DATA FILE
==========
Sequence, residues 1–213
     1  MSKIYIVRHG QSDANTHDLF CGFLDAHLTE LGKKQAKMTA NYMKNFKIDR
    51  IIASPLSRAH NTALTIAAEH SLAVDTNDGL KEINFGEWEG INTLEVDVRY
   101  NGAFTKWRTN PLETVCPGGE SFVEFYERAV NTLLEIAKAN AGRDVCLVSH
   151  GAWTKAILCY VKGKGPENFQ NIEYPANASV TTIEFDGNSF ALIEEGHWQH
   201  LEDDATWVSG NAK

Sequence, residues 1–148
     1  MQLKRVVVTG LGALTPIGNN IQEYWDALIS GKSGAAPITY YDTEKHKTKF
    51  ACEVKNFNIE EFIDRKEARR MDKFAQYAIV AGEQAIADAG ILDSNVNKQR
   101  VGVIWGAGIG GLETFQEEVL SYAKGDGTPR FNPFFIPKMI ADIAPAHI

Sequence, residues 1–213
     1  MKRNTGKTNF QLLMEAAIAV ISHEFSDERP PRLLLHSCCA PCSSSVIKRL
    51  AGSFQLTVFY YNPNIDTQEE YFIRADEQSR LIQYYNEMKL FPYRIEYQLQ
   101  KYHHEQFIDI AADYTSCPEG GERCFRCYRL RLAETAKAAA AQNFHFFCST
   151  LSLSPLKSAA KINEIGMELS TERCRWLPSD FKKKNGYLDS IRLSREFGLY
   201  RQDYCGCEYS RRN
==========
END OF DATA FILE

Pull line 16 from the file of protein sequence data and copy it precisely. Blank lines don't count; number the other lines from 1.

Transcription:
   201  RQDYCGCEYS RRN